Some random notes on this type of skis:
When I was skiing in the north Lake Baikal region I borrowed a set of skis that was about 6-8'' by 50''. Wood laminate with a kind of slippery plastic on the bottom. They had a bit of glide on the flat but being furless would slide back and get stuck at about 45 degrees in deep powder, when we caved in the snow on top of the creek bed we were traveling over.
The Ski: Its History and Historiography
LeRoy J. Dresbeck
Technology and Culture, Vol. 8, No. 4 (Oct., 1967), pp. 467-479
(its on jstor.org as a pdf - you might need access to a university library. This has some good info and pictures of short/wide skis from Scandinavia)
I've researched Siberian skis at my university and in some Russian publications. Here is the short and sweet:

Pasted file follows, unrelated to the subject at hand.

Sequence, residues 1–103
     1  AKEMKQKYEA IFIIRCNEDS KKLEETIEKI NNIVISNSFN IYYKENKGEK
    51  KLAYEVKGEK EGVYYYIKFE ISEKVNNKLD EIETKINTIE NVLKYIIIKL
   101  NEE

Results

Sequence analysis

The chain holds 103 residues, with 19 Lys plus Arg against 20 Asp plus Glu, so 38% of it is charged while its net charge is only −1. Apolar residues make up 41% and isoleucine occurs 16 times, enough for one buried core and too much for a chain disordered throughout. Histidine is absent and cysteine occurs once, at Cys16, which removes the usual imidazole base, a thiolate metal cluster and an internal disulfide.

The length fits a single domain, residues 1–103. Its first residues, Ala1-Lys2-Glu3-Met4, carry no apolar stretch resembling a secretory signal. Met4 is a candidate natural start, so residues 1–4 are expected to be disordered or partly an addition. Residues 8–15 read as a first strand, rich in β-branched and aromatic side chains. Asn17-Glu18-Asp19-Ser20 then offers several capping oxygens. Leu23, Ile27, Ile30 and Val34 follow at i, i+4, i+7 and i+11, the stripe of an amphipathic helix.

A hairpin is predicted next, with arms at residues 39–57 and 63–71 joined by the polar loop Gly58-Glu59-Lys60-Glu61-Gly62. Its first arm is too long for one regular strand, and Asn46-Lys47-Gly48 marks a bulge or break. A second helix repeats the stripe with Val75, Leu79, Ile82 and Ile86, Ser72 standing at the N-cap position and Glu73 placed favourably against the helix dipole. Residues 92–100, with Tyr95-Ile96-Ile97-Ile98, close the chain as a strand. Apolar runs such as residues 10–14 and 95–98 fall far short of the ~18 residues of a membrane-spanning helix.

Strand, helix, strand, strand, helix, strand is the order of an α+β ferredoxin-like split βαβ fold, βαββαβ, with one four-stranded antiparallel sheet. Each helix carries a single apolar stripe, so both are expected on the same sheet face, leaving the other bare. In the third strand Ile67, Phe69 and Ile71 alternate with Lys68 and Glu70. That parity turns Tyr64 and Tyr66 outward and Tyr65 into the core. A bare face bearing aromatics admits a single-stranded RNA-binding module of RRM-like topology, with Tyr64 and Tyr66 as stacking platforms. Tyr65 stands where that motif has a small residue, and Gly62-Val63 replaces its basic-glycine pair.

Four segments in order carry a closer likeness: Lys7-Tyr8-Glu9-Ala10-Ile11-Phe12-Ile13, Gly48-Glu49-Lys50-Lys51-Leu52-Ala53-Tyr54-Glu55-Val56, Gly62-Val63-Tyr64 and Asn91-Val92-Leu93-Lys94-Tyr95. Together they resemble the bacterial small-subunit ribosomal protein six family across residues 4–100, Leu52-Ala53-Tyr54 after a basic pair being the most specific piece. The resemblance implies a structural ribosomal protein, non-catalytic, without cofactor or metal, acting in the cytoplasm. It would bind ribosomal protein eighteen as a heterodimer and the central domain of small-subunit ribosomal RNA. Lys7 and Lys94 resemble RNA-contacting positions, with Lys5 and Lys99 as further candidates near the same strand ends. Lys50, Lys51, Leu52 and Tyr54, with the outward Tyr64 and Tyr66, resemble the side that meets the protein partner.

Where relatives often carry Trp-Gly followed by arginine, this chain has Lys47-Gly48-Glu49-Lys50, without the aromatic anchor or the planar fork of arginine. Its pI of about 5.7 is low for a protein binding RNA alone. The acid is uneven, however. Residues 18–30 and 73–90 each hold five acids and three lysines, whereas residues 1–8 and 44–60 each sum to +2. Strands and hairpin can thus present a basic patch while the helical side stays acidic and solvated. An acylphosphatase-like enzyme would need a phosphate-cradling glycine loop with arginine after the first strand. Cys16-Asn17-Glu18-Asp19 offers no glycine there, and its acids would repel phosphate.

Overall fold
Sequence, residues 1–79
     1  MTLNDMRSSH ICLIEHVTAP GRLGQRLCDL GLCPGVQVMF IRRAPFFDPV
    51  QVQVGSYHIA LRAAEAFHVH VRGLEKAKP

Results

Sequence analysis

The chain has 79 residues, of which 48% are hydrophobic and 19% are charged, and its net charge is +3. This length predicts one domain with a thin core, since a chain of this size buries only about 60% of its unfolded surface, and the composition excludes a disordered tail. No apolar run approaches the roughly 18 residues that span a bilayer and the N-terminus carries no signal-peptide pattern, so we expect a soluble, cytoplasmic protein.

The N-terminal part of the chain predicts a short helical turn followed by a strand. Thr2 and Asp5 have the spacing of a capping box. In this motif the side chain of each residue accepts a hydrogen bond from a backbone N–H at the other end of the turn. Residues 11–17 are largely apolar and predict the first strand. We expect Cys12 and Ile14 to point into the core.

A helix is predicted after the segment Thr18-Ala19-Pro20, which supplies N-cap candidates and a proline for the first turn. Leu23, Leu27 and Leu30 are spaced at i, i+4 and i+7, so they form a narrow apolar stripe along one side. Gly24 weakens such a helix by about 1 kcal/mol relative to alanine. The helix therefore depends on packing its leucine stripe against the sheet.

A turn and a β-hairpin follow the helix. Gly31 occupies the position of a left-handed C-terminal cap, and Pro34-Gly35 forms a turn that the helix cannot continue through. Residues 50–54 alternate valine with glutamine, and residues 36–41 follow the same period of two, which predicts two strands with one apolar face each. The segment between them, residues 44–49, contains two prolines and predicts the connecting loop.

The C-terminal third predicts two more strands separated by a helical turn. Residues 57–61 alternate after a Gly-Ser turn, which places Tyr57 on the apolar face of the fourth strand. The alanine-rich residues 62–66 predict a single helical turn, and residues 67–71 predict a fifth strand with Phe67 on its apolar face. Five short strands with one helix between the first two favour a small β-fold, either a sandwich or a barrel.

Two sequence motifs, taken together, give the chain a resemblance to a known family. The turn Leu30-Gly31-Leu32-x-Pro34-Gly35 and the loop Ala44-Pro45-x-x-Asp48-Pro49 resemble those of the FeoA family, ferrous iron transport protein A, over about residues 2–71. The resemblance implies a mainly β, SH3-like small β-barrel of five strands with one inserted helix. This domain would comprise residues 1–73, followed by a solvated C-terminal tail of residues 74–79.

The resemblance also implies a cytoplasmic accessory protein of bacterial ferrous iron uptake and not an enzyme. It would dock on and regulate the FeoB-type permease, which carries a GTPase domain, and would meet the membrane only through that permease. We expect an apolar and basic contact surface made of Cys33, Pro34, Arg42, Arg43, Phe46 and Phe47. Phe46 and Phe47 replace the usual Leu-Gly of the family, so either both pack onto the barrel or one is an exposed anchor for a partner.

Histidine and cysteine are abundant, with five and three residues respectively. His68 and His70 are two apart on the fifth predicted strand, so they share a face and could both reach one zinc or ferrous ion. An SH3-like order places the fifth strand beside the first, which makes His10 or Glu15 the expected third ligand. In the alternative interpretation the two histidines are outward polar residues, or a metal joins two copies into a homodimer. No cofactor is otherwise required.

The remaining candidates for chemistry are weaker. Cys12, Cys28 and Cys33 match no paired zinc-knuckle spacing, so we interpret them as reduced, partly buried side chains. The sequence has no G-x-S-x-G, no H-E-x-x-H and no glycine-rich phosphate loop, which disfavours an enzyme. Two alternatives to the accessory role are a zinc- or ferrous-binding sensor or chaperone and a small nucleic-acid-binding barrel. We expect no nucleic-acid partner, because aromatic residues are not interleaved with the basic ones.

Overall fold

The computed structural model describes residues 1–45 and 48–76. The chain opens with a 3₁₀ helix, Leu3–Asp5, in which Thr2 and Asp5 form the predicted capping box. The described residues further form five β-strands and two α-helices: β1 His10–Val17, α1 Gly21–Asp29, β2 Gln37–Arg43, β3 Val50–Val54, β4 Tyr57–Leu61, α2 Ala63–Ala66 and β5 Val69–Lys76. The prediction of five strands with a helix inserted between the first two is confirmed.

-hockskin sole (rawhide or worked dry, ungulate): these were usually glued on with hide glue from what I remember, sometimes sewn into a sheet and wood-pegged or nailed on the top edge of the ski
-larch, spruce, pine for the ski itself
-the foot bed is made from birch bark - packed snow/ice will not stick to it
-the foot harness is just thong, same idea as a snowshoe harness but may need to be modified because there is no toe hole
-Just like snowshoes in North America vary in length to width ratio and overall surface area in a fashion that corresponds to use and the type of snow encountered in different regions, so do Siberian ski types vary.
I think the skis some of the other folks are mentioning are really central asian telemark-type skis, these are used with a steering pole held between the legs. There is some youtube footage of this.
Check out the Pathfinder (1987, Nils Gaup -Director, Saami, english subtitles) for great ski ideas - in regard to Scandinavia and the equip/techniques that gave birth to modern nordic skiing - its an awesome film in artistic terms too.